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Trump Antigen Testing Fail; COVID Stimulus Waste; Politicians vs Public Health

Welcome to the latest edition of Investigative Roundup, highlighting some of the best investigative reporting on healthcare each week.

Trump’s Antigen Testing Fail

Eschewing evidence, the White House has favored antigen testing for COVID-19 over the more reliable PCR tests, Kaiser Health News reported, citing one potential reason for the disease outbreak there.

Antigen tests do not need to be processed in traditional labs and yield results more quickly, making them more favorable to the Trump administration. But BinaxNOW, the new antigen test now used in the White House, has not been independently verified for accuracy and reliability. BinaxNOW received an FDA emergency use authorization in August.

The Department of Health and Human Services recently inked a $760-million contract with Abbott, which makes BinaxNOW, to distribute 150 million tests to places including historically black colleges and universities, state governors (to help them potentially reopen schools), and nursing homes. The Big Ten football conference also decided to play this fall — after originally punting on the season — in part because of the availability of the more rapid antigen tests, “following Trump’s political pressure,” KHN reported.

The White House does not report antigen test results to the Washington, D.C., health department — “a potential violation of federal law under the CARES Act, which says any institution performing tests to diagnose COVID-19 must report all results to local or state public health departments,” the article stated.

Why the COVID Stimulus Was a ‘Waste’

Much of the $4 trillion handed out by the federal government during the pandemic went to large companies that didn’t need the help, rather than struggling medical practices, public health departments, and other healthcare entities, according to a Washington Post analysis.

“The legislation bestowed billions in benefits on companies and wealthy individuals largely unscathed by the pandemic, leaving some local public health efforts struggling for money to conduct testing and other prevention efforts,” according to the analysis, which was based on data from the Committee for a Responsible Federal Budget.

More than half of the aid ($2.3 trillion) went to businesses that weren’t required to show that they were hurt by the pandemic, or that they kept workers on the job, the Post reported.

Only $25 billion was earmarked for coronavirus testing via the most recent relief bill on April 24. Nobel Prize-winning economist Paul Romer and bipartisan groups of experts have called for $100 billion or more for testing.

Many public companies received CARES Act tax breaks, including Tenet Healthcare, as did companies unaffected by the pandemic. Medical equipment maker Owens & Minor, for example, plans to claim $13 million in tax breaks while personal protective equipment demand has sent its stock price soaring.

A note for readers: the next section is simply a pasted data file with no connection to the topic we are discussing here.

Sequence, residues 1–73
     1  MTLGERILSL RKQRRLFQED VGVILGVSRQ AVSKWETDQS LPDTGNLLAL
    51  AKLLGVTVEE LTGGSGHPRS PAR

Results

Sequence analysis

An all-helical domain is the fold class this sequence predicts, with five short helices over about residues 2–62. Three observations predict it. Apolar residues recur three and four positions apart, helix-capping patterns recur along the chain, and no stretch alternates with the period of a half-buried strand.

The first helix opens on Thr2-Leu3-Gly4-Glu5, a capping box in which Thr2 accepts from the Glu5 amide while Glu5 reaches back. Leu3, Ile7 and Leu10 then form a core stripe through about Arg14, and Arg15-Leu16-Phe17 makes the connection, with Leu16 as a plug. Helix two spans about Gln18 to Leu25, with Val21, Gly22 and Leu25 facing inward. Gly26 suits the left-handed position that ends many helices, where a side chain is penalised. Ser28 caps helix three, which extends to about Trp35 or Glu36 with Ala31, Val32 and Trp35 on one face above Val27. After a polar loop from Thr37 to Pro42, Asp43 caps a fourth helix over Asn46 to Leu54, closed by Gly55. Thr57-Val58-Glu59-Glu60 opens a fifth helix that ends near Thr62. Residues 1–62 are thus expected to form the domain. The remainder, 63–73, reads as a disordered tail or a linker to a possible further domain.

The healthcare and social services sector received 12.9% of the $670 billion Paycheck Protection Program loans while accounting for 10% of job losses. Construction and manufacturing, by comparison, received 12.4% and 10.3%, while accounting for just 4.7% and 6.4% of job losses, respectively.

By following traditional methods of propping up businesses instead of addressing

Colorado Medical Waste Receives Environmental Leadership Award

An Environmental Leader in the State of Colorado going above and beyond environmental compliance

The Colorado Department of Public Health and Environment (CDPHE) Division of Environmental Health and Sustainability awards Colorado Medical Waste with the Environmental Leadership Program Silver Award. The ELP is a statewide environmental recognition and reward program for facilities that voluntarily go above and beyond compliance of state and federal regulations and are committed to continual environmental improvement for their business and communities as well.

This press release features multimedia. View the full release here:

The ELP logo stencil was sprayed at their facility in Aurora along with a photo taken of available employees. (Photo: Business Wire)

A video by Colorado Governor Jared Polis was presented to virtually celebrate the program’s new members. The ELP logo stencil was sprayed at their facility in Aurora along with a photo taken of available employees.

Inclusion in the CDPHE Environmental Leadership Program was awarded to Colorado Medical Waste for demonstrating its commitment to:

Using the natural oxidizing power of ozone, electricity, and an industrial shredder, waste volume is reduced by 90% to a sterile confetti residual with “ZERO” emissions as ozone reverts back to simple oxygen. Tons of medical waste streams are diverted from landfills, incinerators, and hazardous waste facilities. State of the art processes and technologies reduce the public health effects and environmental impact of traditional autoclave and incineration technologies. Efficacy tests prove ozone is 100x more effective than steam and an environmental alternative to incineration. Reduction of landfilled medical waste and incineration decreases methane greenhouse gas emissions and their contribution to global warming and climate change. Colorado Medical Waste and ozone processing bring medical waste management into the 21st century.

Beverly Hanstrom, the company CEO and owner says, “We are leading the industry and are at the forefront of environmental stewardship to reduce the carbon footprint of healthcare and medical waste. Our leadership raises awareness and exemplifies our passion and commitment to make a difference.”

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Beverly Hanstrom, CEO/Owner
Colorado Medical Waste, Inc.
3131 Oakland St.
Aurora, CO 80010
(303) 763-2339 Fax
Links: Brochure | Video | LinkedIn

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